In this week's EuroBiotech Report, Bayer became the most recent biopharma to tap Dutch biotech arGEN-X for its llama-based antibody discovery platform; Eli Lilly made its first-ever investment in a British venture fund; and British biotech Oxford BioMedica hopes to raise £25.7 million to finance its gene therapy pipeline. And more.
The Netherlands' arGEN-X has paired up with Bayer, agreeing to share its proprietary antibody technology with the drug giant to fuel some early-stage R&D.
Bayer and Boehringer Ingelheim outlined plans to increase access to their clinical trial data.
The company announced on May 15 that it is acquiring Bayer AG's interventional division for $415 million to bulk up on devices for the treatment of peripheral vascular disease.
It turns out that Boehringer Ingelheim's popular anticoagulant Pradaxa is safer than many people think. That is the finding of the FDA after taking another look at the side effects of the drug compared to the old standard warfarin and this time looking at a much larger and older patient base.
Payers worried about hepatitis C drug prices have been counting on impending price competition to save them money. The idea is that, once Merck, AbbVie and Bristol-Myers Squibb have treatments on the market, Gilead Sciences will have to back off its $84,000-per-treatment-course sticker price. The reality could be a little better--and a little worse--than that.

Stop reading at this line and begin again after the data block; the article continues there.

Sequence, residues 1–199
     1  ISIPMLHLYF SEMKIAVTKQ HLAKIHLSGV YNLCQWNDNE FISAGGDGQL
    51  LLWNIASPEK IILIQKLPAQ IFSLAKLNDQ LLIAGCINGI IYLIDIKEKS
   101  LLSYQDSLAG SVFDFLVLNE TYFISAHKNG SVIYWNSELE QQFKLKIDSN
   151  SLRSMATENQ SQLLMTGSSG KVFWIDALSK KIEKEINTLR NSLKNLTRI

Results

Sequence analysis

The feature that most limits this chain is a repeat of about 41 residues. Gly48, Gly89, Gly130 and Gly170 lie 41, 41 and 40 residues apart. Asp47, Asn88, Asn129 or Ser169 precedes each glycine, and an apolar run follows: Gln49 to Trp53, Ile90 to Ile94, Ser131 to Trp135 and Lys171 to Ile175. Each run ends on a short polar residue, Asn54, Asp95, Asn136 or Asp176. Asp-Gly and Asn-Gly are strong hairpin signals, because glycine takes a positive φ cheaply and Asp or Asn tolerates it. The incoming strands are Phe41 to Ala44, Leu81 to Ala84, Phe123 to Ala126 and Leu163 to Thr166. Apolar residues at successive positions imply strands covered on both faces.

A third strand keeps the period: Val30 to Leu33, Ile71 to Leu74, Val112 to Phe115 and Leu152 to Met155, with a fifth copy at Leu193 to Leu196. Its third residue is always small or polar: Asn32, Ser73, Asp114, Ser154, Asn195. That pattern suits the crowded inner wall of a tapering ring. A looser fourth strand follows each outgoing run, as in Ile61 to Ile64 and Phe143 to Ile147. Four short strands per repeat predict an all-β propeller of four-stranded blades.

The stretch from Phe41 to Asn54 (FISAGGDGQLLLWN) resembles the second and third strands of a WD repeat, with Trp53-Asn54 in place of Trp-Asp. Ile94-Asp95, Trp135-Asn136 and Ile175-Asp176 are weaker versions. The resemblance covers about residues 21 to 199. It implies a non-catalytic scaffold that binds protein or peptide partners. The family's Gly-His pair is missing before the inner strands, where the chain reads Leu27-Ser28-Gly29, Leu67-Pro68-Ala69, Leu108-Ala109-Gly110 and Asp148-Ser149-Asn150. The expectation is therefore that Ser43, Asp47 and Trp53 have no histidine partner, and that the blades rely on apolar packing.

Digital health may be popular in the rest of the healthcare industry, but it's still the red-headed stepchild of pharma marketing. As Mobihealth News reports, providers and payers "have dived into the digital health world with gusto," but pharma's moves haven't been so enthusiastic. Is a new initiative from Bayer any different?
IMS Health has found that a group of cancer treatments launched over the past three years "are following the same trajectory" as blockbusters such as Roche's Avastin, Novartis' Gleevec, Bayer's Nexavar, and Merck Serono's Erbitux--at least so far.
Merck plans to use the proceeds of its planned $14.2 billion consumer business sale to Bayer to beef up its pipeline, and the in-transition pharma giant isn't wasting any time, signing a billion-dollar deal with its new partner in a move to get its hands on some new cardiovascular drugs.
And the winner is Bayer. After months of speculation--and reported bids from the likes of Sanofi, Novartis and Reckitt Benckiser--the German drugmaker has snagged Merck's consumer health unit in a $14.2 billion deal. The consumer buyout solidifies Bayer's position at the top of the global OTC game and provides Merck with a cardio collaboration--along with a hefty chunk of change.